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Gratitude Attitude

November 24, 2010

Yesterday there was an article in the Wall Street Journal about the benefits to being grateful.  Today I  traced the article and the research to see what is out there on gratefulness, giving that tomorrow is Thanksgiving and all.   Kurt, UVM Extension annual fund guy and I  took the Gratitude Questionnaire at lunch.  Seems like we both passed and since we are both pretty goal oriented, makes sense that gratitude is part of the mix.

So I guess when my grandmother said to “count your blessings”  she was right, research says so.   Sometimes  it is really difficult to get into that positive space.  Illness, injury, job worries, low milk prices,  hardship and heartache can certainly take the toll on our ability to perform our work.   Long term stress can have negative effects on our health.  Enough about that.

Thanksgiving Day allows us to take a break from the stress and strife and focus on that the things that are working or joyful in our lives.   But how do we carry that feeling along with us to benefit from grateful thinking?

According to The Emmons Lab at UC Davis:

  • In an experimental comparison, those who kept gratitude journals on a weekly basis exercised more regularly, reported fewer physical symptoms, felt better about their lives as a whole, and were more optimistic about the upcoming week compared to those who recorded hassles or neutral life events (Emmons & McCullough, 2003).
  • A related benefit was observed in the realm of personal goal attainment: Participants who kept gratitude lists were more likely to have made progress toward important personal goals (academic, interpersonal and health-based) over a two-month period compared to subjects in the other experimental conditions.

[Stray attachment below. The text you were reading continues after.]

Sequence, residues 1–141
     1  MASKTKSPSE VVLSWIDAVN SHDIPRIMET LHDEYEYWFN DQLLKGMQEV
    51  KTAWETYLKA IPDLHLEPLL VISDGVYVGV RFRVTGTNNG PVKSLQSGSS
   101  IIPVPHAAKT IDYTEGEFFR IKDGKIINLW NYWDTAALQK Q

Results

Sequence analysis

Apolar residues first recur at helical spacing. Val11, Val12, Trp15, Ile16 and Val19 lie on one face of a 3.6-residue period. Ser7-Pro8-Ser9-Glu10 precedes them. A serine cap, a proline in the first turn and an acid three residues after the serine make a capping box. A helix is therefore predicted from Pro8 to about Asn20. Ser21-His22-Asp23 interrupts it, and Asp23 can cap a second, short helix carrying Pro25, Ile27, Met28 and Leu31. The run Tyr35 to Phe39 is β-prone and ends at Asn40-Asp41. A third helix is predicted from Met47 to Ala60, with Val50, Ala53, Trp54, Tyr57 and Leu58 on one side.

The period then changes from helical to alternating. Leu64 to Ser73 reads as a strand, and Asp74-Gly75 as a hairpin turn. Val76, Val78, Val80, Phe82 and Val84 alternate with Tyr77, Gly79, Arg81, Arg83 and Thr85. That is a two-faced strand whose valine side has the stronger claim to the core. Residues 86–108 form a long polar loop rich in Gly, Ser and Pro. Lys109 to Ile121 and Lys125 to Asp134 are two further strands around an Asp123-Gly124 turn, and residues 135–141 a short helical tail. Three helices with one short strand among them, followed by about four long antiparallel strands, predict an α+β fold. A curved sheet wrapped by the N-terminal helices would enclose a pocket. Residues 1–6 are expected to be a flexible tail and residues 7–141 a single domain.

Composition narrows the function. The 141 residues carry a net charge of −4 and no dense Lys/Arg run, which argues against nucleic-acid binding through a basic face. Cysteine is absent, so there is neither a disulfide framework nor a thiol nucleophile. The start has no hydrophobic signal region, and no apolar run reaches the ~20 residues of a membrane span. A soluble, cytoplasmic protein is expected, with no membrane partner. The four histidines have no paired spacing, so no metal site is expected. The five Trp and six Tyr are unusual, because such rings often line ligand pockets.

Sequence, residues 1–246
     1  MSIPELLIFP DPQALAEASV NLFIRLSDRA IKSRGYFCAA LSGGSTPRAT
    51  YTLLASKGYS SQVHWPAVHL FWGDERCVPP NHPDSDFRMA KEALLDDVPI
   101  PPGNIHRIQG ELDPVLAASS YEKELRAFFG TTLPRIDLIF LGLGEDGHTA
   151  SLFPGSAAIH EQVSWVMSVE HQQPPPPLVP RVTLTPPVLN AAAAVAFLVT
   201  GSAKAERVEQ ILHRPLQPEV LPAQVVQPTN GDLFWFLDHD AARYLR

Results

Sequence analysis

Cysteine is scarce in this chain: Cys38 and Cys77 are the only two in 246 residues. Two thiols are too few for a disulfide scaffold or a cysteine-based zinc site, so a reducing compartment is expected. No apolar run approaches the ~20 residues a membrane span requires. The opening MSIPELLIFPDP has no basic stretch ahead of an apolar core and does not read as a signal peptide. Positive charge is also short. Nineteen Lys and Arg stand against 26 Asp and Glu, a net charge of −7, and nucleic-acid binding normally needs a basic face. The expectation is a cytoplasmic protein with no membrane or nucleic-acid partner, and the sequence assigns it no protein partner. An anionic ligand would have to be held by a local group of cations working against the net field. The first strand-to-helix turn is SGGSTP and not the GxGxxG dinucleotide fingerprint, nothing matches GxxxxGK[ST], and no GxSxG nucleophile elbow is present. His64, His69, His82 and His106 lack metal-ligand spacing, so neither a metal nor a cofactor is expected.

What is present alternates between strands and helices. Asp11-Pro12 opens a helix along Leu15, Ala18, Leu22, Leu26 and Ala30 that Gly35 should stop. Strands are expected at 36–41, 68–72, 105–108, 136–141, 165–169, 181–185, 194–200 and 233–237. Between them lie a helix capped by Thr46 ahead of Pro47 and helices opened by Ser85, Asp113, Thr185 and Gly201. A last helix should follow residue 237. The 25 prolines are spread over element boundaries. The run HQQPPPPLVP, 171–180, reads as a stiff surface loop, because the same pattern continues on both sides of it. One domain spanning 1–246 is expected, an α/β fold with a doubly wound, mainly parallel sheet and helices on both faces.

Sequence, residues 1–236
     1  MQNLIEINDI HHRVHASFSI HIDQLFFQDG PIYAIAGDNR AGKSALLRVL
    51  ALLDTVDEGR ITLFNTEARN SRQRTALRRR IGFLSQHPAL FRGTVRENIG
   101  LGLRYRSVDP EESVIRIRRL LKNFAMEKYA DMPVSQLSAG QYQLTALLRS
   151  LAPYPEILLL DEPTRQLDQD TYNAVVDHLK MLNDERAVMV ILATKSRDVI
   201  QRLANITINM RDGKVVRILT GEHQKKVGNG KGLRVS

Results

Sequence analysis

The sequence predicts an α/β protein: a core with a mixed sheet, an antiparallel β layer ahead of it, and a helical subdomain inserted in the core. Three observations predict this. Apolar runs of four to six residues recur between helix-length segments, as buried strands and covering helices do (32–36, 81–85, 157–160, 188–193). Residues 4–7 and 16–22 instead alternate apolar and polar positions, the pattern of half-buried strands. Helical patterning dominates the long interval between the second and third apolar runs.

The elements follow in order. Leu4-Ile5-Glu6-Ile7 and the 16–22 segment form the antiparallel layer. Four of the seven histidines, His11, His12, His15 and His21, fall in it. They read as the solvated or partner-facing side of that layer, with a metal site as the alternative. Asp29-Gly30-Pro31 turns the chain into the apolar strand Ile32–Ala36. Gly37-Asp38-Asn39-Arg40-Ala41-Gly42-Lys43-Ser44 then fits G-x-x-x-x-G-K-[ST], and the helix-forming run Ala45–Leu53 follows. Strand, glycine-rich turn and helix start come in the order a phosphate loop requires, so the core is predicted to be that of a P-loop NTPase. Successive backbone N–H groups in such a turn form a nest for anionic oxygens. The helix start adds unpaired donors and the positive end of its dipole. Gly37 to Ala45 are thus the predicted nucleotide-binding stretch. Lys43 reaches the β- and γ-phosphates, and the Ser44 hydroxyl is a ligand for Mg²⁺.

• A daily gratitude intervention (self-guided exercises) with young adults resulted in higher reported levels of the positive states of alertness, enthusiasm, determination, attentiveness and energy compared to a focus on hassles or a downward social comparison (ways in which participants thought they were better off than others). There was no difference in levels of unpleasant emotions reported in the three groups.
  • Participants in the daily gratitude condition were more likely to report having helped someone with a personal problem or having offered emotional support to another, relative to the hassles or social comparison condition.
  • In a sample of adults with neuromuscular disease, a 21-day gratitude intervention resulted in greater amounts of high energy positive moods, a greater sense of feeling connected to others, more optimistic ratings of one’s life, and better sleep duration and sleep quality, relative to a control group.
  • Children who practice grateful thinking have more positive attitudes toward school and their families   

Happy Thanksgiving to you and yours.   Enjoy the day.

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